Educators know students need critical thinking skills. But when it comes to assessing and teaching critical thinking, it’s tough to know where to start. “Critical thinking” is a concept. By design, it’s amorphous. You can’t glean critical thinking from a series of multiple choice responses.

You see evidence of critical thinking, however, when students write arguments. 

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Topics: Instructional Strategies, Teaching Excellence

Tackling Tough Topics in Your Classroom

Why it's important for you, and your students...

Turn on the television, listen to the radio, pick up a newspaper or log on to your favorite social media website. You, and students, will see opposing views and lively debates, some articulated respectfully and others...not so much. In a society fraught with disagreement, it is important that we teach our students about tough topics and how to engage in civic discourse. This may take place through planned activities or it may be more spontaneous, but if you are prepared, you will have great opportunities to teach skills that could last a lifetime.  

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Topics: Instructional Strategies, Social Emotional Learning

The Best Teachers I Ever Had

Teaching from the Heart

This blog post comes to us from our sister company, iteachiteach is the leading educator preparation partner, offering rigorous, research-based online training with the support of face-to-face mentorship. It was originally published on their blog on March 13, 2018.

For me, school didn’t come easy. I started as a four year old in first grade. My parents were going through a divorce and my mom told the school I was five years old and started me early. I was big for four, as big or bigger than most five year olds, but obviously a year of growing makes a big difference. I was too young to remember most of that year, but what I do remember is my first grade teacher requiring me to stay in during recess and practice my ABC’s. This was tough. I wanted to be outside, what little four year old boy wants to be practicing penmanship? But it was good for me and I quickly caught up to the rest of the class.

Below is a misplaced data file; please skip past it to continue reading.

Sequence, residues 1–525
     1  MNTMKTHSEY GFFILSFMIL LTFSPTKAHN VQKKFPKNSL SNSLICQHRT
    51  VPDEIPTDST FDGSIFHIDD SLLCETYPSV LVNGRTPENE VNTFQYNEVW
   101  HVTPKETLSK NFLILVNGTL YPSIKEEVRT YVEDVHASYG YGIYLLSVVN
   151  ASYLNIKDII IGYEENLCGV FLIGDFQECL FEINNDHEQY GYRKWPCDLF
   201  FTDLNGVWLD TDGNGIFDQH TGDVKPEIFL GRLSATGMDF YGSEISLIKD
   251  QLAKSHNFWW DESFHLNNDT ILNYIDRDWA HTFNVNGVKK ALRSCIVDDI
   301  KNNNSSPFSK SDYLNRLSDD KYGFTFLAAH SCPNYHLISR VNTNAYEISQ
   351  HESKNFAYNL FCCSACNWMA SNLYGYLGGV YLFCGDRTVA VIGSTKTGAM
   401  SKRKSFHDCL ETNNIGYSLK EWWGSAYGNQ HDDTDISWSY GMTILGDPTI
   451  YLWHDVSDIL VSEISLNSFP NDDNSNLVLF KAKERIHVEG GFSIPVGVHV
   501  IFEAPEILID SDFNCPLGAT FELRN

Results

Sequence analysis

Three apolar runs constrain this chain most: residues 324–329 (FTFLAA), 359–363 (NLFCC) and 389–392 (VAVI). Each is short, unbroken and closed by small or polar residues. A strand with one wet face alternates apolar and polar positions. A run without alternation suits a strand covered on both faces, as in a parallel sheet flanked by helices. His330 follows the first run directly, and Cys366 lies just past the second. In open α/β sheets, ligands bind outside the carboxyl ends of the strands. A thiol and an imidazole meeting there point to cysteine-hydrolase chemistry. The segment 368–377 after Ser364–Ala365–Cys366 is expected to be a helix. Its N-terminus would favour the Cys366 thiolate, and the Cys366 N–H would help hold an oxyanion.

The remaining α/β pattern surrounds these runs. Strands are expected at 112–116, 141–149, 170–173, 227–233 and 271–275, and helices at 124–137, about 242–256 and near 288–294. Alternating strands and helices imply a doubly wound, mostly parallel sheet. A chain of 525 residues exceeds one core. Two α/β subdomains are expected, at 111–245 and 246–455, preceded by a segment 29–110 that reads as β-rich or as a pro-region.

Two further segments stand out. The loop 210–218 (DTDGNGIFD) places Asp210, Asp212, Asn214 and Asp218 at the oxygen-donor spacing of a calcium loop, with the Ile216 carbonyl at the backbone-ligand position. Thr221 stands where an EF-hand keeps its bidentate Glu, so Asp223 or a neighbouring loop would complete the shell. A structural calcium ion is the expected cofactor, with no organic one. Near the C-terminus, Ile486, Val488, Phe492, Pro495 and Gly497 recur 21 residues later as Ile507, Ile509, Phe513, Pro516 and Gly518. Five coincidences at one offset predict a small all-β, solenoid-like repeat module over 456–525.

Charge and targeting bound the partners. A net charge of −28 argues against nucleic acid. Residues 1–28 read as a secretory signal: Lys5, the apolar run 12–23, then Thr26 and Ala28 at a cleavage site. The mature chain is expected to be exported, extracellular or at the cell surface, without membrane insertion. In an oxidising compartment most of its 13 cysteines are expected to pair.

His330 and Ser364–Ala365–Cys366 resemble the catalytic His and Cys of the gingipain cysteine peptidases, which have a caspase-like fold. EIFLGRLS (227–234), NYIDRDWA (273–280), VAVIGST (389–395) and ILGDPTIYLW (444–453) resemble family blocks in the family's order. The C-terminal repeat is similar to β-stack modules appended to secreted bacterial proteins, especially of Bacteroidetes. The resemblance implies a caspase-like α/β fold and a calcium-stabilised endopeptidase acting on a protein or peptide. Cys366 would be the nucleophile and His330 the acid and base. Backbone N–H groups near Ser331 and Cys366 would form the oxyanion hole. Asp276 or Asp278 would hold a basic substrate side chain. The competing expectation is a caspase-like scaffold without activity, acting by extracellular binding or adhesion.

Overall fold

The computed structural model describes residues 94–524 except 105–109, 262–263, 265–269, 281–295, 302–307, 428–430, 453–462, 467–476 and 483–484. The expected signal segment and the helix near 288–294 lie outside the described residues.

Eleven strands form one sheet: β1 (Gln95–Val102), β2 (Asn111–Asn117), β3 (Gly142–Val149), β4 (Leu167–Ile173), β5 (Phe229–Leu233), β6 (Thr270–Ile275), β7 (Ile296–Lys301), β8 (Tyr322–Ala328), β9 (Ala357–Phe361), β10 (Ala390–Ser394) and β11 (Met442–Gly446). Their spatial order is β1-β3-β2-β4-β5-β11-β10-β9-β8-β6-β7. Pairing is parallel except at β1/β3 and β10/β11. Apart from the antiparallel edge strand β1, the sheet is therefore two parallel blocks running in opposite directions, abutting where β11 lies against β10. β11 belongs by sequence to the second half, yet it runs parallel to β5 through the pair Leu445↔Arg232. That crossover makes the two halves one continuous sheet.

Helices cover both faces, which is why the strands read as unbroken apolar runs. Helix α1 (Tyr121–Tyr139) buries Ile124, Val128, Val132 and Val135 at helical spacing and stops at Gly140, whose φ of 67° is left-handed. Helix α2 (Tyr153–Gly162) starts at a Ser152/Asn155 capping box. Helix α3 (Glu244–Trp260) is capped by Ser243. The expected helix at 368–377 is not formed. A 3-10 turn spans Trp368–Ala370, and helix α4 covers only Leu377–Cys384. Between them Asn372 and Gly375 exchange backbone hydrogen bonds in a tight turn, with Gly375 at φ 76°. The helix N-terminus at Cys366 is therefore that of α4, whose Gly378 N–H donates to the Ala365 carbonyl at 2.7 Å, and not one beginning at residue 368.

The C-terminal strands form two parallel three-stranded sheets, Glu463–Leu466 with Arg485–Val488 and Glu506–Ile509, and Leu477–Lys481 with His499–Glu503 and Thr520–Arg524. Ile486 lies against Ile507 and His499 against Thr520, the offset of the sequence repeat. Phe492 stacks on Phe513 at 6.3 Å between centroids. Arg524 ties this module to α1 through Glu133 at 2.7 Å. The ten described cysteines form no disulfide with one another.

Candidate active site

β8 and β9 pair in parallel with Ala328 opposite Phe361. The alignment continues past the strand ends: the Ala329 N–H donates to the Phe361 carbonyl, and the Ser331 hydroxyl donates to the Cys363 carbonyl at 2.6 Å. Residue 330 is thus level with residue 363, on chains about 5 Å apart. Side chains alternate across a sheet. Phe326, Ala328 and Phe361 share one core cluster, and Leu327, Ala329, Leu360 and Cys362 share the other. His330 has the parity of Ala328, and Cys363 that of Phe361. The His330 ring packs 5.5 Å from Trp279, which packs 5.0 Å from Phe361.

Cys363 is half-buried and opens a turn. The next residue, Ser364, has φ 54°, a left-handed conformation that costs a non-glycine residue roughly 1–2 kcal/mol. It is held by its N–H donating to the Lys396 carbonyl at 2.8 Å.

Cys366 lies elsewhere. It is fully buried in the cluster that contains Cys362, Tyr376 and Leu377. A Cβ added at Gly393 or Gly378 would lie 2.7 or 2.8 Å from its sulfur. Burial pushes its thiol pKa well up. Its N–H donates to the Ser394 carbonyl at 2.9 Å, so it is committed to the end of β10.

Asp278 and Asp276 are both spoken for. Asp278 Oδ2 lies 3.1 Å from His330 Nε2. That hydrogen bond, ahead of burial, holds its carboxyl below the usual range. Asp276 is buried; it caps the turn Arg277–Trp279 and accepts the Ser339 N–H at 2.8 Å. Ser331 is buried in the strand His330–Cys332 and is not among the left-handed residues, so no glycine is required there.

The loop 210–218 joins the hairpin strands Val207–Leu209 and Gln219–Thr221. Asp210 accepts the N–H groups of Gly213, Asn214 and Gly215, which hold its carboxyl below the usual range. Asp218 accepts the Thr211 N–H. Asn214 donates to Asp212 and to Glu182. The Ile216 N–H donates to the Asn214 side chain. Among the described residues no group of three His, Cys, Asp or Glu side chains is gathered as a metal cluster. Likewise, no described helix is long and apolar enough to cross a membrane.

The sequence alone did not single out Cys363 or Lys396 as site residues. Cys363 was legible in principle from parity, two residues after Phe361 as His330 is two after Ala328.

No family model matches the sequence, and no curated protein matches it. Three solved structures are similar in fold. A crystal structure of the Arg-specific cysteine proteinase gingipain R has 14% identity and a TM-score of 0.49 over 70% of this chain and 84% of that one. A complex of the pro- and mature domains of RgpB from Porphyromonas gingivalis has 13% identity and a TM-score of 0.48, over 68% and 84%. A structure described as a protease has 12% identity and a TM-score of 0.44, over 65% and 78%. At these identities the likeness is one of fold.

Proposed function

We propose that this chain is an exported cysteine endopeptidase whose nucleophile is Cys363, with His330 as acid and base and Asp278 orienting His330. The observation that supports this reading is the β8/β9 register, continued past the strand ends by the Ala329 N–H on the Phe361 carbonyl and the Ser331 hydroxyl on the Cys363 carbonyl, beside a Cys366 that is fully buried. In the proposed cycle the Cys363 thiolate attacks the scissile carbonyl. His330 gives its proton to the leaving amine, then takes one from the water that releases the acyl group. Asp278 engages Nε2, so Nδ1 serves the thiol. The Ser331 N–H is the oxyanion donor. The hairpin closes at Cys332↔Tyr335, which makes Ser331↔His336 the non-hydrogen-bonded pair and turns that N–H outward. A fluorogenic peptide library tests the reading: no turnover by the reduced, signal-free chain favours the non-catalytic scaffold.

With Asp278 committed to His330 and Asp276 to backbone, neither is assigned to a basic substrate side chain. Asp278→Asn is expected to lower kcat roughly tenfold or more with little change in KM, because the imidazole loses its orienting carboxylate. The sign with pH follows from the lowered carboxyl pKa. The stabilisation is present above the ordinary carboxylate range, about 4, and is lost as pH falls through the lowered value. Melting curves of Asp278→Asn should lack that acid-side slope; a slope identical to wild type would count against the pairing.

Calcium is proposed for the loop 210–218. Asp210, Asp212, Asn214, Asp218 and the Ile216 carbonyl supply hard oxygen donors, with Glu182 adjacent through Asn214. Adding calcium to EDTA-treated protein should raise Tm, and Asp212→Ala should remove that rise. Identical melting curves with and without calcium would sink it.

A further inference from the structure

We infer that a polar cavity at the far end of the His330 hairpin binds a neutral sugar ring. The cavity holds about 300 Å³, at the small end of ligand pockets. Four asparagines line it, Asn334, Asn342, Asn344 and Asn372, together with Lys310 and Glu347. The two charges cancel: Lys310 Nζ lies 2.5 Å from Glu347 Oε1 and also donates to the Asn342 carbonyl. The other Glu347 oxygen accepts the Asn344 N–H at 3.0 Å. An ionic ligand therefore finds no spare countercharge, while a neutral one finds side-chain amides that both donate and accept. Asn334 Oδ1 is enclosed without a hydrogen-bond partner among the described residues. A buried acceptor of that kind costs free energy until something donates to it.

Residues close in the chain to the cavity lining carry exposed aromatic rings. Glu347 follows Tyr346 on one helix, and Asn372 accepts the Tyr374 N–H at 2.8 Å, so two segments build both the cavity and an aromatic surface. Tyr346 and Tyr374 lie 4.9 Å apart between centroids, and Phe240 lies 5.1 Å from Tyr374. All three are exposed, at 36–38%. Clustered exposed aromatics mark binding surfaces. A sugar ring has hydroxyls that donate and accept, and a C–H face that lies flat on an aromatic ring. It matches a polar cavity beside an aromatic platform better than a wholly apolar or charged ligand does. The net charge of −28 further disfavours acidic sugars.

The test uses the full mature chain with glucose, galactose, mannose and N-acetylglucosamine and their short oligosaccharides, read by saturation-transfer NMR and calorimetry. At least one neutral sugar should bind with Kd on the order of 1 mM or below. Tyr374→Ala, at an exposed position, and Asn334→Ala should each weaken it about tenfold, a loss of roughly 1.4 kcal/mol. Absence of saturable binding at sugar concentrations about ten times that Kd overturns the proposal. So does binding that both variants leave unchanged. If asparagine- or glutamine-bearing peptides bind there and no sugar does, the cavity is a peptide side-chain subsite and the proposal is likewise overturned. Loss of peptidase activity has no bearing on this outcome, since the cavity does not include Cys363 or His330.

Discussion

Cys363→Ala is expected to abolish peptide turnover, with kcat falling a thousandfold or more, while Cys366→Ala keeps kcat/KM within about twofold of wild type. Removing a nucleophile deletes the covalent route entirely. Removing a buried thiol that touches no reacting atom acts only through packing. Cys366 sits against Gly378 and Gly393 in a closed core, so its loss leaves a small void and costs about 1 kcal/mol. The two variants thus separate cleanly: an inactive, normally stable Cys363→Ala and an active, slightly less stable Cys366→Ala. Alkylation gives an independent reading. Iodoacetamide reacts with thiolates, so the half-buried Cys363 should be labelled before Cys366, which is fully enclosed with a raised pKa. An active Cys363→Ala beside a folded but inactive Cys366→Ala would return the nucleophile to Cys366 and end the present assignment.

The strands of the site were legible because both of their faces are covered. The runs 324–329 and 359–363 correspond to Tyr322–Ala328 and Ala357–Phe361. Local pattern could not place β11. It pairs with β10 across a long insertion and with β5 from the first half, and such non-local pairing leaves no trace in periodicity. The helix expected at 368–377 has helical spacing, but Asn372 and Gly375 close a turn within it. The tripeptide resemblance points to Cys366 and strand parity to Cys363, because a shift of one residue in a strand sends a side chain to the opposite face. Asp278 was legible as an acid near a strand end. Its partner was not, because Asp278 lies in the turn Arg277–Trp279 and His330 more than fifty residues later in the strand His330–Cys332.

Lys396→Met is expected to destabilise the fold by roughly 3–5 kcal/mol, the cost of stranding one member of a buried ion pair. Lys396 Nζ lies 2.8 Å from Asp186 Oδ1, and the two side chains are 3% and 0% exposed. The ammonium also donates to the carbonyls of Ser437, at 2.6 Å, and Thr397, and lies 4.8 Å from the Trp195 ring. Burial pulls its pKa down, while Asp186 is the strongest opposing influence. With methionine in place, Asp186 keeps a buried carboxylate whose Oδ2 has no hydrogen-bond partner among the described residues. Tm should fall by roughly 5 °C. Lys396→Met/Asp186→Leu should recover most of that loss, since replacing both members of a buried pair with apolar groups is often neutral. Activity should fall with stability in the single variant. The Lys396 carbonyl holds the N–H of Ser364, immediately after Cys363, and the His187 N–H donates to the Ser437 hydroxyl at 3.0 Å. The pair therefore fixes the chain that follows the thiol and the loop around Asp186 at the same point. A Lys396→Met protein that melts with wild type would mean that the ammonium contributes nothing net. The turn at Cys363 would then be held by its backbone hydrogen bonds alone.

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Topics: Teaching Wellness & Inspiration, Teaching Advice, Instructional Strategies

Engaging Families and Communities in Students' Education

Student success is a shared interest of both school and family.” 

Research informs us that students whose parents [and communities] are involved in their education are more likely to: 

  • Adapt well to school 
  • Attend school regularly 
  • Complete homework 
  • Earn better grades 
  • Have better test scores 
  • Graduate and go to college 
  • Have good social skills 
  • Demonstrate positive behaviors 
  • Have better relationships with their parents 
  • Have higher self-esteem 

*Bonus: parents who are involved in their children’s education at a young age are more likely to stay involved with their children’s education as they grow 

(*Adapted from “The Importance of Community Involvement in Schools” by the George Lucas Educational Foundation. Retrieved 8/2/18. www.edutopia.org ) 

So, how can teachers engage and involve families and communities in students’ education?

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Topics: Teaching Wellness & Inspiration, Teaching Advice, Instructional Strategies

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Offering more than 100 print-based or online courses for teachers, you can earn the graduate credit you need for salary advancement and meet your professional development needs. Contact us today to get started!